After analyzing my facial features and chompers, I was excited to try the much-anticipated Homeoblock out that night.  I inserted it right before bed, slept through the night fine (besides a little excessive drooling), and woke up to fairly sore teeth.  Things were definitely moving!  My jaw felt like it had a bit of a workout.  I could still eat solid foods and the soreness went away after a few hours in the day.  The next night, I decided to try to adjust the upper Homeoblock to get it to fit better.  I toyed around with it a bit much, apparently, as one of the wires snapped!  "Well, it was an interesting $1700 experiment while it lasted," I thought to myself.  So I wore only the bottom palate that night.  I called Dr. Darlington the following day to inform him of what had happened.  He said to just send it to him and he can get it fixed, and since it still seemed to not fit well, he would replace the broken wire with a "ball joint" to see if that helped.  If it didn't we could just have a new upper palate Homeoblock made from a freshly formed cast of my mouth.  Great!  I really feel supported by Dr. Darlington, and I'm grateful that this is all covered under the initial cost that I paid.

So I should get my upper Homeoblock back next week sometime.  Until then, the doc said that it would be fine to wear my lower palate appliance.  I will update everyone once I pass the two or three week mark with that.  Also, I would like to compare the Homeoblock with Damon Braces at some point.  I am awaiting Dr. Belfor's thoughts on this subject when he returns from traveling.

One more thing.  Those of you interested in the subject of adult facial enhancement should drop by Nourishing Nancy's website to keep up with her updates on the Damon Braces system.  She has already seen very significant results!

Return From Wintercount

It was another great time at the Wintercount Primitive Skills Rendevous this year.  Beautiful weather and beautiful people; primitive skills galore and amazing speakers and discussions; and, as always, a wonderful sense of community in the Arizona desert.  Now that I'm back in freezing cold Utah, I'm kind of kicking myself for not getting more sun while down south.  Oh well, I guess I'll have to keep up my vitamin D stores through food.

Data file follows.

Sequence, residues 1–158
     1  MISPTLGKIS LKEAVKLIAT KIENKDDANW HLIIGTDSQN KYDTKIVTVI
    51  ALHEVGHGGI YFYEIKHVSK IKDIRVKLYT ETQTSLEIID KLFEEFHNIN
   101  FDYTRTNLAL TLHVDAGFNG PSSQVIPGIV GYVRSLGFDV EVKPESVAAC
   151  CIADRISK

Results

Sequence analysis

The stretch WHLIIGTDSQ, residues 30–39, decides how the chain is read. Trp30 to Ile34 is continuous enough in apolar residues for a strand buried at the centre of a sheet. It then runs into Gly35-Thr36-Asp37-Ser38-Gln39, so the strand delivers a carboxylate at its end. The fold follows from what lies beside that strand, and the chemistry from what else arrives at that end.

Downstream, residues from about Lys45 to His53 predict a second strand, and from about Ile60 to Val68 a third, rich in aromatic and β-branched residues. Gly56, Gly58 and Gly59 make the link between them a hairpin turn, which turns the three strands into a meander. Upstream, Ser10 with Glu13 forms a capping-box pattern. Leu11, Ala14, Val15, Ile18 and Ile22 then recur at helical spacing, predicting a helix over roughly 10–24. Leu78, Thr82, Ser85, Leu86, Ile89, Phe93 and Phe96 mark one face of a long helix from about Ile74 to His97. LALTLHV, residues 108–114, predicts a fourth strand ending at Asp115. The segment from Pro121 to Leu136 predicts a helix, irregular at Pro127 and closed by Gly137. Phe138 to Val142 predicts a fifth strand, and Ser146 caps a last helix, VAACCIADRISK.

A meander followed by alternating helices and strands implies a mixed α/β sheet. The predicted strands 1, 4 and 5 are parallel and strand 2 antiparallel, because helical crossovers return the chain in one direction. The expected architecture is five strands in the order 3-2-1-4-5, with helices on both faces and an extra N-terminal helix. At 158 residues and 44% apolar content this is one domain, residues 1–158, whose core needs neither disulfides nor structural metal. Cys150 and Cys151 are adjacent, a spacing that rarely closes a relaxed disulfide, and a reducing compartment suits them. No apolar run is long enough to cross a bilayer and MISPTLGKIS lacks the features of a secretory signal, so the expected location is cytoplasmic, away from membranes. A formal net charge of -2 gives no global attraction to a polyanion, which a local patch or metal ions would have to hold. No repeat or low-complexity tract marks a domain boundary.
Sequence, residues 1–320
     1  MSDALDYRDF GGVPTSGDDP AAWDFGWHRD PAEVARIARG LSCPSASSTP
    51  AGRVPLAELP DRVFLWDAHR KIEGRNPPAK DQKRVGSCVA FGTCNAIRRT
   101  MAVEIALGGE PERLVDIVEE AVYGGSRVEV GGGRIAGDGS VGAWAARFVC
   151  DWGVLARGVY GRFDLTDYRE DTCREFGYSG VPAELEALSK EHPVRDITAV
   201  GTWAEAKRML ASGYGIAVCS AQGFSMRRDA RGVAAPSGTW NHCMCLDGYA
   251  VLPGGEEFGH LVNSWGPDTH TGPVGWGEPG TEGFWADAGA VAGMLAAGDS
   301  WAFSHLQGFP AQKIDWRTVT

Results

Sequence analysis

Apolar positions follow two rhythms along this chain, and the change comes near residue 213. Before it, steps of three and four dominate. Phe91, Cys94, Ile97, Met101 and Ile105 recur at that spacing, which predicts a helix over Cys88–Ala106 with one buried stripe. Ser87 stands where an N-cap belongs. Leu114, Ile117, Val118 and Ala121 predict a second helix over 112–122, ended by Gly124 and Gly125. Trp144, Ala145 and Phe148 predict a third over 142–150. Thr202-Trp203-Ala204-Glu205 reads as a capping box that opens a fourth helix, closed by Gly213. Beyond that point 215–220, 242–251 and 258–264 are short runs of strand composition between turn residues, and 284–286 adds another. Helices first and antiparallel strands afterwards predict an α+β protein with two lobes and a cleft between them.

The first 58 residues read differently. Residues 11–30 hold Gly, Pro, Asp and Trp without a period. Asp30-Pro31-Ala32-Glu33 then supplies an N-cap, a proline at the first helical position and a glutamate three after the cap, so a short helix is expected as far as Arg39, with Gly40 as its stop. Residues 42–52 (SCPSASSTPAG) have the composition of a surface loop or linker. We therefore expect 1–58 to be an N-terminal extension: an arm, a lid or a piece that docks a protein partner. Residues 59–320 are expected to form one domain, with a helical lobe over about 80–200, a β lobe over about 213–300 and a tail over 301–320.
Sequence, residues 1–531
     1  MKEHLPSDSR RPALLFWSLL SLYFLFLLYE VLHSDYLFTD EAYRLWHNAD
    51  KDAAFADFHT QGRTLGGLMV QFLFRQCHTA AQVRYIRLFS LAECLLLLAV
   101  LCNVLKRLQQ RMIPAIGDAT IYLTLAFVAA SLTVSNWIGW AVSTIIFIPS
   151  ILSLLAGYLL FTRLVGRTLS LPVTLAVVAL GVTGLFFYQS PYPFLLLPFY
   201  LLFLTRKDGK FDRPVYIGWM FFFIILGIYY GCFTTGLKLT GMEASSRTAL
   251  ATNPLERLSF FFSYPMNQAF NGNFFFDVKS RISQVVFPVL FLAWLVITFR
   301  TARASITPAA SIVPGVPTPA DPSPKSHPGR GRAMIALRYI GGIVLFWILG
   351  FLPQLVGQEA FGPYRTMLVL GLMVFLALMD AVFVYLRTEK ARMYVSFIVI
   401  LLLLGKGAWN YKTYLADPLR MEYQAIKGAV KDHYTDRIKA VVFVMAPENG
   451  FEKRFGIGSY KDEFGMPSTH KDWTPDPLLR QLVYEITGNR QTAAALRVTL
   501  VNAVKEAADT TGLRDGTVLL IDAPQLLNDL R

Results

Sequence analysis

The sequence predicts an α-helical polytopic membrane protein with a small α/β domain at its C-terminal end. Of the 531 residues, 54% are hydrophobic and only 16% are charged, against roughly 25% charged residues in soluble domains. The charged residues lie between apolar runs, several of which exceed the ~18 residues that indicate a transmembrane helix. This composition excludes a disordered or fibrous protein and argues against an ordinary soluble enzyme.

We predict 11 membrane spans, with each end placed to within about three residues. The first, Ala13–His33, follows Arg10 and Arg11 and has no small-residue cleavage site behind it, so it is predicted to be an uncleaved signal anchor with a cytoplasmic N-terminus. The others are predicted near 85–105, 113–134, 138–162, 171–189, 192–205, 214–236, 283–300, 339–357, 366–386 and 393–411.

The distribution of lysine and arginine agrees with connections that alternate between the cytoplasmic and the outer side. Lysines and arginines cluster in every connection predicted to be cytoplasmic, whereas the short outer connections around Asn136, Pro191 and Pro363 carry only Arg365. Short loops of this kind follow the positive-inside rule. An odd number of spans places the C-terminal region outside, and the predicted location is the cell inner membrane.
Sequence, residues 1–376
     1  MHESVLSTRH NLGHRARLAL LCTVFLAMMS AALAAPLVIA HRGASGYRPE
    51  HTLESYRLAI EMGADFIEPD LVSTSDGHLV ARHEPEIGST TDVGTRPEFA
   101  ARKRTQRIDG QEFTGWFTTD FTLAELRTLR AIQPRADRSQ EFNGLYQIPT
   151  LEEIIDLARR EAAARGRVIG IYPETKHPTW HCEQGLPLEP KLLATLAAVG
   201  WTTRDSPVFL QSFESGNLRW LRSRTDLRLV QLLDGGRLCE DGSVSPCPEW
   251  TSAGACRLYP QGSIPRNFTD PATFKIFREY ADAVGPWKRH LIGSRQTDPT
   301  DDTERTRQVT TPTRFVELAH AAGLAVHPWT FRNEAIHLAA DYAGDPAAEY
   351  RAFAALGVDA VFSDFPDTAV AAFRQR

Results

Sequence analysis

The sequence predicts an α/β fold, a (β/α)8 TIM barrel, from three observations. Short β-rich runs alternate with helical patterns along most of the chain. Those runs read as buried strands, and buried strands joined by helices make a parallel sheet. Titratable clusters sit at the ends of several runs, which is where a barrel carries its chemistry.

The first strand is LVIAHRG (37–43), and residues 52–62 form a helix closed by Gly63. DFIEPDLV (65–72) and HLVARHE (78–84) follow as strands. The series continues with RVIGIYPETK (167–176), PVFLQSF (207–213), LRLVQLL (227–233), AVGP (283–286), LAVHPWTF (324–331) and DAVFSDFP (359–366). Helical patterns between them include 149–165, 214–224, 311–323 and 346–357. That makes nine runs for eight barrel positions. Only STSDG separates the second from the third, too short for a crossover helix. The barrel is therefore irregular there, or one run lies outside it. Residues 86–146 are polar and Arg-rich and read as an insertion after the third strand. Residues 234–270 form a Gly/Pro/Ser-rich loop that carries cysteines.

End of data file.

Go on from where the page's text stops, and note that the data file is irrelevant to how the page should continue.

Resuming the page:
My class on Primitive Nutrition and Health was a blast to teach.  The folks in attendance were very engaged and had lots of insight and knowledge to share.  I'm always amazed by the collective wisdom of a group of people, and the discussions that came about from this particular group were quite thought-provoking, to say the least.  I'm especially grateful for the folks that were well-versed in some of the finer details of human evolution, which really added a lot to the class.  It was also fun hearing others' stories about diet and health and their response to some of the material I provided.  One man, who had been on a diet of donuts and soda, expressed his relief that to eat healthy doesn't mean that you have to munch on baby carrots and celery all day long -- and that a diet of steak and potatoes is a viable way to achieve wellness.  He liked that idea very much.

Tuesday, February 8, 2011

Wintercount Primitive Skills Rendezvous 2011

I'm off to Arizona for the yearly primitive skills gathering, Wintercount.  I'm looking forward to going "abo" for an entire week and teaching a few classes.  This year, I'll be covering the history of the human diet -- from paleolithic to modern -- and the studies of Weston A. Price once again, along with an edible Sonoran Desert plants walk.  I'm hoping to learn more about the atlatl, as well, as I want to set up a range at the wilderness rehab I work for.  Should be a good time.  If any of you blog readers out there are planning on being there, I'd love to meet you!

I'm also planning on picking up my Homeoblock on the way back, so I'll update everyone on the details on that upon my return.  See you in a week or so!

Monday, January 24, 2011

My Intestinal Saga, Part 4: Gurus and Rotten Meat

Rotting meat in mason jars.
So there I was.  It was late summer 2006.  The sweltering Tucson sun beat down on the city relentlessly.  White tail doves could be heard flapping and cooing on rooftops and power lines, and the cicadas' symphony was in full swing.  I sat inside, bathing in the cool air of the swamp cooler, a plate of raw ground beef sitting in front of me.  I took a bite.  It went down easy.  I took another and my body screamed for more and more -- so I fed it.  I followed the meat with a few spoonfuls of raw, "unheated," honey and some raw butter.  I was satisfied like I hadn't felt in years.  And it was all thanks to a man by the odd name of Aajonus Vonderplanitz and his book, The Recipe For Living Without Disease.  In this book, Vonderplanitz outlined the key to optimal health and vitality through food, and it enthralled me.  Raw meat, unheated honey, raw dairy, raw vegetable juices -- these were the ingredients to becoming well again, and I had no problem eating all I wanted and enjoying the heck out of it.  My family and friends were somewhat worried about me at his point.  Salmonella, E. Coli, and countless other bacteria existed in raw food products -- how would this negatively affect my health, particularly my already stressed out gut?  Surely I would get food poisoning at the very least.  And straight butter?  Heart attack city!  Well, after several weeks of the eating all of the foods suggested by the quirky Aajonus, I was happy to report that I had absolutely no problems.  In fact, I had more energy than I could remember feeling in my whole life.  Then I thought, "Hmm.  I wonder if I could feel even healthier?"